I have begun the process of porting my XNA tutorials over to MonoGame. MonoGame is an open source implementation of XNA. On one hand, there are some ways that MonoGame has XNA beat. It can target many more platforms, including Android, iOS, Linux, Mac, and Windows 8. On the other hand, its development is a bit more fragmented (an inherent part of most open source projects) and there are some bugs in it that XNA does not have. Overall, it's a pretty good project, and a pretty good alternative to XNA.
I'm considering how many of my tutorials to convert to MonoGame. This is a massive task, and it will take time, so please be patient, and please check back frequently. Since this is based on my XNA tutorials, when you get done here, and want more information, you should jump over to my XNA tutorials and see what else is available. Most (but not all) of the things that XNA can do, MonoGame can do as well, in exactly the same way.
1 - C# Crash Course
If you have never done anything with programming, start with this crash course on the basics of programming with C#.
If you already know the basics of programming, feel free to skip this set of tutorials.
Note that this set of tutorials uses Visual Studio, while my MonoGame tutorials have focused on MonoDevelop to start. I plan on making directions for both development environments, but the reality is, nearly all of the instructions are the same anyway. If you have problems, [[[contact
2 - Getting Started
Before you get started, there are a few things you will need to know and do in these four tutorials. These tutorials explain a little bit about what MonoGame is, how to install the necessary (free) software to use MonoGame, and how to do some of the basic things in it. Once you have been through these few tutorials, you will be able to go on to just about anything that you want, though I recommend going to the 2D tutorials next, and then the 3D tutorials, and pick up the rest of the tutorials as you need them.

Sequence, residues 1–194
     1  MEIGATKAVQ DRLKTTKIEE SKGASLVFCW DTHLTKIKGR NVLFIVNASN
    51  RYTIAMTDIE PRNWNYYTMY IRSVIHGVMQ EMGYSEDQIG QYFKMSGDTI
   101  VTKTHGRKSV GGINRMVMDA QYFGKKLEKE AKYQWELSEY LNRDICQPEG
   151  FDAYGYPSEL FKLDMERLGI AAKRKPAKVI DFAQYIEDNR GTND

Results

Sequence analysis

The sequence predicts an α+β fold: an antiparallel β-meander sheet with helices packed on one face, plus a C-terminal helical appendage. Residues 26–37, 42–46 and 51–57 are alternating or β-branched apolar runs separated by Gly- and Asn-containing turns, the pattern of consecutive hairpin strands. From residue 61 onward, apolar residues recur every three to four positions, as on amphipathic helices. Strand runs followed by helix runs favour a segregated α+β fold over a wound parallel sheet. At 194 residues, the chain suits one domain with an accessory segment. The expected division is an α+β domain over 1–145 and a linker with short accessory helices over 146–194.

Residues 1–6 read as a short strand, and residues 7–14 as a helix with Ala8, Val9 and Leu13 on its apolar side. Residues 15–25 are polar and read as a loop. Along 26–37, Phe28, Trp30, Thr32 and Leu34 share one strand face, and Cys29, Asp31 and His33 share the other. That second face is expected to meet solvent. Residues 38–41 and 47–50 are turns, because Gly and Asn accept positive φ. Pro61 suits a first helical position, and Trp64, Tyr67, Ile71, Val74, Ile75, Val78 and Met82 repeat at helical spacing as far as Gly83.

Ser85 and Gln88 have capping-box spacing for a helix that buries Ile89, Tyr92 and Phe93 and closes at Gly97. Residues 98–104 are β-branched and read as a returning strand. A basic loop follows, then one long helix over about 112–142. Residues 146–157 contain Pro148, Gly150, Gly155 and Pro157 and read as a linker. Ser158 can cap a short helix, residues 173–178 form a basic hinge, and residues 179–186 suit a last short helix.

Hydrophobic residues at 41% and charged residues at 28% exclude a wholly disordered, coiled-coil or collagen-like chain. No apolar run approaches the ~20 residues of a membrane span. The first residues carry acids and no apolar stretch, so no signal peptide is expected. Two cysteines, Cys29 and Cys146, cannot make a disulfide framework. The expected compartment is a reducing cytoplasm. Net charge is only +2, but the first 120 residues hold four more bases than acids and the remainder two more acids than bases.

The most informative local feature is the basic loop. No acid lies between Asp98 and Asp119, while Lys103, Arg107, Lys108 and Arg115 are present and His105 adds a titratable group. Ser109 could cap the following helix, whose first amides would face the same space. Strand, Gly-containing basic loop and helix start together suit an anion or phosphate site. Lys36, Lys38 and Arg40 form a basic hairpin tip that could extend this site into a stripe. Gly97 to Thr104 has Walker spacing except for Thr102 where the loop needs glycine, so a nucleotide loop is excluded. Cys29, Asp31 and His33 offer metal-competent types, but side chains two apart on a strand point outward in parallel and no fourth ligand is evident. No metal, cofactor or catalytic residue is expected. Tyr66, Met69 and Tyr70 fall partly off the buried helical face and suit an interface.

3 - 2D Tutorials
These tutorials cover the basics of doing 2D stuff, like drawing text and images, as well as 2D animation, and some fancy effects in 2D. After you have completed these tutorials, you should be able to make some pretty interesting 2D games with MonoGame.
4 - 3D Tutorials
These tutorials should get you going with a 3D game. They cover things like drawing models, animation in 3D, and some simple effects, like lighting, and fog. These tutorials should really get you going on any 3D game.
This is all of the MonoGame tutorials that I have at the moment. I intend on adding more in the near future, so please check back soon.
Additionally, it is usually pretty easy to port XNA code over to MonoGame, so check out all of my XNA Tutorials. There's a nearly limitless number of them, most of which should work without problem.
But while we're at it, please let me know what you're seeing as you explore MonoGame. Did you find a tutorial that doesn't port directly over? Are you running into a MonoGame specific problem? Is there anything specific that you'd like to see covered first?
Anything you can do to help me prioritize the work I've got to do will help a great deal.